where \(G_t\) is the actual return following time \(t\). It means we must wait until the end of the episode to determine the increment to \(V(S_t)\)

In contrast, TD methods use cached value instead of the waiting complete *actual return*. For example,

**Model (TD(0))** it updates value \(V(S_t)\) toward *estimated return* \(R_{t+1} + \gamma V(S_{t+1})\) instead of the *actual return* \(G_t\)

where \(R_{t+1}+\gamma V(S_{t+1})\) is called *TD target* and \(R_{t+1}+\gamma V(S_{t+1})-V(S_t)\) is referred to as *TD error*

Because it bases its update in part on an existing estimate, it is called **bootstrapping** method.

The comparison between MC (left) and TD (right) can be illustrated as following

(Reference: from RL Book 2^{nd} version)

There is a bias/variance tradeoff

- return \(G_t\) is an unbiased estimate of \(v_\pi(S_t)\), the
*true*TD target is also unbiased \(R_{t+1} + \gamma v_\pi(S_{t+1})\) - The actual TD target \(R_{t+1} + \gamma V(S_{t+1})\) is biased
- however, TD target has much lower variance
- this is because return \(G_t=R_{t+1}+\gamma R_{t+2}+..\) depends on many random variable \(R_t\), but TD target has only one random variable

It can be generalize to look n steps into the future

**Model (n-step TD prediction)**: TD can be extended into n-step methods

- \(n=1\) (TD): \(G_t^{(1)} = R_{t+1} + \gamma V(S_{t+1})\)
- \(n=2\): \(G_t^{(2)} = R_{t+1} + \gamma V(S_{t+2}) + \gamma^2 V(S_{t+2})\)
- \(n=\infty\): (MC) \(G_t^{(\infty)} = R_{t+1} + \gamma V(S_{t+2}) + \gamma^2 R_{t+3} + ...\)

where the n-step return

and n-step TD prediction is

we can average multiple n steps

**Model (TD(\(\lambda\)) prediction)** TD(lambda) combines all n-steps return with decaying weight.

### 4.2. On-policy TD Control (SARSA)

Instead of using TD to update state values, we use TD to update action values with a tuple \((S_t, A_t, R_{t+1}, S_{t+1}, A_{t+1})\)

See the following algorithm:

SARSA converges to the optimal action-value function under some regularities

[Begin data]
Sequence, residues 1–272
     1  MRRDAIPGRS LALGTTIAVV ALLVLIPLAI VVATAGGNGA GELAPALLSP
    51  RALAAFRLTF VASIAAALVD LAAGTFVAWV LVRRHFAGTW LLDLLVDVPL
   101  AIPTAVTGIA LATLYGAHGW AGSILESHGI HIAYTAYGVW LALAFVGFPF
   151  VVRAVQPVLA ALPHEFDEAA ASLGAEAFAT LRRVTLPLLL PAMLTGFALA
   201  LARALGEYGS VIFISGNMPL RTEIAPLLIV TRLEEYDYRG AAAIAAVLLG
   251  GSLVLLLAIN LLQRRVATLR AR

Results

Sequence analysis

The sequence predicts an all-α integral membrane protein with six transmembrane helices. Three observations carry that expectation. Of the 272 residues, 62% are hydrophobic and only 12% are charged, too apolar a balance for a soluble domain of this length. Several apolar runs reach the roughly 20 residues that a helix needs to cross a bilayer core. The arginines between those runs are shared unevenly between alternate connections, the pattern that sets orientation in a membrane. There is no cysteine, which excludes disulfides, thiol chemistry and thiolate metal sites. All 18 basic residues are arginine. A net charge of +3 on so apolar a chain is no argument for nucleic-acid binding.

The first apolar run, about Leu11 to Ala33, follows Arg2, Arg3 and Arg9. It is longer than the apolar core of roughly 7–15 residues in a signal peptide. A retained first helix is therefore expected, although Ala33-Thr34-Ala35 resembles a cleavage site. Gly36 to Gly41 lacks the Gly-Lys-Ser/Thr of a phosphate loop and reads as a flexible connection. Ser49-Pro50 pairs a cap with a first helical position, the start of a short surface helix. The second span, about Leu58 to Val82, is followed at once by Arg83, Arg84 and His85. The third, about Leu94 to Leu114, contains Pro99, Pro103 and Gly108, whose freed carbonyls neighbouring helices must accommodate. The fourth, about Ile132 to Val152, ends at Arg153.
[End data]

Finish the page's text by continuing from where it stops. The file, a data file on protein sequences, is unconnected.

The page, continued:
**Model (n-step SARSA)** SARSA can be extended to n-step as well where

- \(n=1\) (SARSA): \(q_t^{(1)} = R_{t+1} + \gamma Q(S_{t+1})\)
- \(n=2\): \(q_t^{(2)} = R_{t+1} + \gamma R_{t+2} + \gamma^2 Q(S_{t+2})\)
- \(n=\infty\) (MC): \(q_t^{(\infty)}=R_{t+1} + \gamma R_{t+2} + ...\)

The n-step SARSA updates \(Q(s,a)\) towards the n-step Q-return

**Model (SARSA(\(\lambda\)))** we also have the Sarsa(\(\lambda\)), which combines all n-step \(q_t^{(n)}\) as well

where

### 4.3. Off-policy TD Control (Q-Learning)

The most general Q-learning has the following form

while \(A'\) is sampled from the behavior policy \(A' \sim b(a | S_{t+1})\) instead of the target policy \(A_{t+1} \sim \pi(a | S_{t+1})\)

**Model (Q-learning)** The most commonly used Q-learning (Watkins, 1989)^{3} was one of the early breakthroughs in RL

It learned the action value function \(Q\) to directly approximate the optimal action-value function \(q_*\), independent of the policy being followed:

The following term is called Bellman error, which we want to minimize. It becomes 0 in Bellman optimality equation

Under some regularities, it is shown that \(Q\) converges with probability 1 to \(q^*\)

Q-learning is an off-policy as the next action \(a\) is obtained by maximizing \(Q\) instead of following current policy \(\pi\). This characteristic also allows us to do \(\epsilon\)-greedy policy to explore (since it is off-policy)

**Model (expected SARSA)** Another variant is to take expectation for backup

It is more computational expensive, but eliminates the variance due to the random selection of \(A_{t+1}\)

Expected Sarsa can be used on-policy, but in general, the policy \(\pi\) can be different from the target policy to generate behavior, in which case it becomes an off-policy.